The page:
Kolmogorov-Smirnov statistics was used to test normality of distributions of plasma lipids and HDL subclasses. For analysis, non-Gaussian-distributed data were transformed using the natural logarithm to approach a Gaussian distribution. All statistical analyses were performed using the statistical package SPSS Version 13.0 (SPSS, Chicago, IL). Data in the tables are expressed as mean ± S.D. The Duncan post-hoc test was used in situations in which a significant group (one-way analysis of variance) effect was observed. Two-way ANOVA was performed to evaluate the interactive effects of TG and TC on HDL subclasses distribution. Pearson correlation coefficients were calculated to quantitatively analyze the associations among variables adjusted for TG concentration. In all comparisons, P less than 0.05 (2-sided) represented a statistically significant difference.

Results

Relations of the preβ1-HDL and HDL2b contents and change in the levels of TC

To investigate the degree of major HDL subclasses change with the levels of TC, varied, we divided the levels of TC into 9 strata and using each stratum TC median value as x axis, with every stratum TC corresponding the median preβ1-HDL and HDL2b contents as y axis to plot (Figure 1). The figure shows associations of TC levels with decreased HDL2b contents.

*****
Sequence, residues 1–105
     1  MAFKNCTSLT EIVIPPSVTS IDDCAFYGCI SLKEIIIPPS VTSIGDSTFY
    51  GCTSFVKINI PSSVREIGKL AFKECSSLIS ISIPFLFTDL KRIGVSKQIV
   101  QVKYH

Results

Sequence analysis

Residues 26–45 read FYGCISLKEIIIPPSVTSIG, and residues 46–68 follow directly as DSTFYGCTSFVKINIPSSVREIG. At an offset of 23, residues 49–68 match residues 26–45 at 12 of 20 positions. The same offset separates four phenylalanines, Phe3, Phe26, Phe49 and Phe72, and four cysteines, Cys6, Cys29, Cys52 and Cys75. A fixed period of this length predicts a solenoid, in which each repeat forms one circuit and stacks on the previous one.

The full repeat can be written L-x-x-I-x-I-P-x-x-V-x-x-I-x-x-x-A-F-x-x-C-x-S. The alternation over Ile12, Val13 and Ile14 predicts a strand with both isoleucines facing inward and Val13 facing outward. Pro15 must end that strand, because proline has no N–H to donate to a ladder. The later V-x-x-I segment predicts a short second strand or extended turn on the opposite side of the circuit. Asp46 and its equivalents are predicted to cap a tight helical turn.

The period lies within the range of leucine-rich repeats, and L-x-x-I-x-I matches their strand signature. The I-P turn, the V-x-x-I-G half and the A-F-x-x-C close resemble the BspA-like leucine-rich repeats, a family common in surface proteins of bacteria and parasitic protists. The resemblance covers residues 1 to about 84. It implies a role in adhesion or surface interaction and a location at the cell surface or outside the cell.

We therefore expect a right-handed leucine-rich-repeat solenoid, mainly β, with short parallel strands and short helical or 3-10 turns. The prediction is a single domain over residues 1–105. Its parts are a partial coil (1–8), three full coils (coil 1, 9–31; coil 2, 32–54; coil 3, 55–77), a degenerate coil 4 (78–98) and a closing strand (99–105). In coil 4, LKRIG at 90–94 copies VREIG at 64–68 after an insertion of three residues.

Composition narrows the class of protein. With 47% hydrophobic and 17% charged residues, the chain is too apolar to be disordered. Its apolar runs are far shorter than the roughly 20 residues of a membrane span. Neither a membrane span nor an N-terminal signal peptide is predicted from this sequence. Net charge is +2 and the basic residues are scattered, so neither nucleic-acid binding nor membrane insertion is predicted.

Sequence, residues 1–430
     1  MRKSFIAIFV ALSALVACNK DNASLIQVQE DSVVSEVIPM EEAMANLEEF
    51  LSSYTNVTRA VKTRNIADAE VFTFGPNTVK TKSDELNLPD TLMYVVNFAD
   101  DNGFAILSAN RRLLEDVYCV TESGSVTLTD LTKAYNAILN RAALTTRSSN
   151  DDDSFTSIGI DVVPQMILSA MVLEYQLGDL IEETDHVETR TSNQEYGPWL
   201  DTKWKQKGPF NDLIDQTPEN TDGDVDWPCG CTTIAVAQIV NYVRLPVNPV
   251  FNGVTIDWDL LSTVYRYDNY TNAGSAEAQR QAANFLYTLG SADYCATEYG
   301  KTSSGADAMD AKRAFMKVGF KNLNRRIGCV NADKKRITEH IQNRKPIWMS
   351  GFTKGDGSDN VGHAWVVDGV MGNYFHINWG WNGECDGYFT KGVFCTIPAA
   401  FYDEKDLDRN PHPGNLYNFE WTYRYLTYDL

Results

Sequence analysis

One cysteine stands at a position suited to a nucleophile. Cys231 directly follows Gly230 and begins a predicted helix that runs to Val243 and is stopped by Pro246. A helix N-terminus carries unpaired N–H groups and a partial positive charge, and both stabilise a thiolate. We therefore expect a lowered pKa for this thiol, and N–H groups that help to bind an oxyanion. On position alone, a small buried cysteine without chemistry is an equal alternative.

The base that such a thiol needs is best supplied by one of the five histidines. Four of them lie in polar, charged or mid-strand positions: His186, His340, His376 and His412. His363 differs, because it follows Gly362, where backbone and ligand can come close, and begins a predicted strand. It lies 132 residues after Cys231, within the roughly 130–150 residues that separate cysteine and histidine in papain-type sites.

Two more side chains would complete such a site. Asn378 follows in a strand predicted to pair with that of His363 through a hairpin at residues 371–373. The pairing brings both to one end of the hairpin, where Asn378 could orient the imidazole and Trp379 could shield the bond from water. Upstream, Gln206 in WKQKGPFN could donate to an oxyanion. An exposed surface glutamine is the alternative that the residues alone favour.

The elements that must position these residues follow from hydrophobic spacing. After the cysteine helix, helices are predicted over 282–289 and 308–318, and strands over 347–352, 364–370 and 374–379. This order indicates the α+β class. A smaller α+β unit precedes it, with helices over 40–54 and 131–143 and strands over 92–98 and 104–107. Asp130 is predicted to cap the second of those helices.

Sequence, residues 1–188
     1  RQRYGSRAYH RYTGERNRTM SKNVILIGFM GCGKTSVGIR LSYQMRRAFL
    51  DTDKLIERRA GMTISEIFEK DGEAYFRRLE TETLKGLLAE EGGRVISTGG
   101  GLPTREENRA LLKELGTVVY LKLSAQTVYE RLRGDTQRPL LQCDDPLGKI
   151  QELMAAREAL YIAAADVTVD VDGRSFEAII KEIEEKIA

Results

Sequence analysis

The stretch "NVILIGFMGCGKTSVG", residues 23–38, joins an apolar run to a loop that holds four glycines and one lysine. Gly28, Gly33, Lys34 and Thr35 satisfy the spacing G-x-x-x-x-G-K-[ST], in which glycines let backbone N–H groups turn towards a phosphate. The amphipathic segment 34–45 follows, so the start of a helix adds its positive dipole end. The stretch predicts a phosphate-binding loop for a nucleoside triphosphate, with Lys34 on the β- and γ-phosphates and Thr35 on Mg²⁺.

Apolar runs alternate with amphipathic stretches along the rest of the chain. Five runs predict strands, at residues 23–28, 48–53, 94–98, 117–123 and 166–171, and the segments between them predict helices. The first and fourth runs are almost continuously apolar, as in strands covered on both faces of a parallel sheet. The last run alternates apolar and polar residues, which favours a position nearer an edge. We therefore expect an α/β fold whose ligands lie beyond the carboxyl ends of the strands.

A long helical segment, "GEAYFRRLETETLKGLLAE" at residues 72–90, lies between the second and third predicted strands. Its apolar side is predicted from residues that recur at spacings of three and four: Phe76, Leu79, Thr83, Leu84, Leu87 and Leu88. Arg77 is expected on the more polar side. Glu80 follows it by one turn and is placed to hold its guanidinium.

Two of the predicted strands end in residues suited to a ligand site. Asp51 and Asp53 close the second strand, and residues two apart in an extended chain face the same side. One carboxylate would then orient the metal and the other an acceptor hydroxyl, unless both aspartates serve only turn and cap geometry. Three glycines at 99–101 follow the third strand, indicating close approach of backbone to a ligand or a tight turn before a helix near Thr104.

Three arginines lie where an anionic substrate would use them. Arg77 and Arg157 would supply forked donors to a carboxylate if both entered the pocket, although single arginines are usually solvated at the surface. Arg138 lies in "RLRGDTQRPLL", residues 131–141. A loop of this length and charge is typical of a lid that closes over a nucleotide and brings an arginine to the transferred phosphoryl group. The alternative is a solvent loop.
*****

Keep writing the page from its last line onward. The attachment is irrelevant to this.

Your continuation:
Figure 1
figure1

Relations of the preβ 1 -HDL and HDL 2b contents to the levels of TC.

The concentrations of plasma lipids, lipoproteins, and apolipoproteins along with their ratios among subjects categorized by TC concentration

Table 1 reports baseline demographic and plasma levels of lipids, lipoproteins, and apolipoproteins as well as their ratios for subjects in each TC subgroup. Subjects in desirable and borderline-high TC subgroups were somewhat younger than those included in high TC subgroup. Concentrations of TG, TC, LDL-C, HDL-C, and apoB-100, C-II, C-III along with the ratios of TC/HDL-C, LDL-C/HDL-C and apoB-100/A-I were substantially lower in desirable and borderline-high TC subgroups than those in high TC subgroup.

Table 1 The concentrations of plasma lipids, lipoproteins, and apolipoproteins their ratios among subjects categorized by TC levels

The apolipoprotein A-I contents of HDL subclasses according to the TC concentration

Table 2 displays the characteristics of HDL subclasses contents for subjects in per TC subgroup. We observed that increases in the contents of small preβ1-HDL, HDL3c, HDL3b, and HDL3a particles clustered with the increases in TC concentration. When compared with the subject in high TC subgroup, the subjects in both borderline-high and desirable TC subgroups had higher contents of large HDL2a and HDL2b particles. However, large sized HDL2 particles kept the lower levels for subjects in desirable TC subgroup.

Table 2 The apoA-I contents of HDL subclasses among the subjects according to the TC levels

Frequency distribution of the subjects according to the concentrations of TG and HDL-C for subjects with desirable TC levels